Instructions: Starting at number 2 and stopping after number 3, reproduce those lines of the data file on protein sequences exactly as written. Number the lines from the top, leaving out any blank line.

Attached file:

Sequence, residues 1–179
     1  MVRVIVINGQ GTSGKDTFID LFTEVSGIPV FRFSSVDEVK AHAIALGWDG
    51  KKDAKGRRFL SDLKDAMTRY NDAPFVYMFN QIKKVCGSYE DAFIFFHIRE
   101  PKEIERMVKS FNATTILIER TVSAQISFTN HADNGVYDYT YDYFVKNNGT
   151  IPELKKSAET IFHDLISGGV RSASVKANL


     1  MVRVIVINGQ GTSGKDTFID LFTEVSGIPV FRFSSVDEVK AHAIALGWDG
    51  KKDAKGRRFL SDLKDAMTRY NDAPFVYMFN QIKKVCGSYE DAFIFFHIRE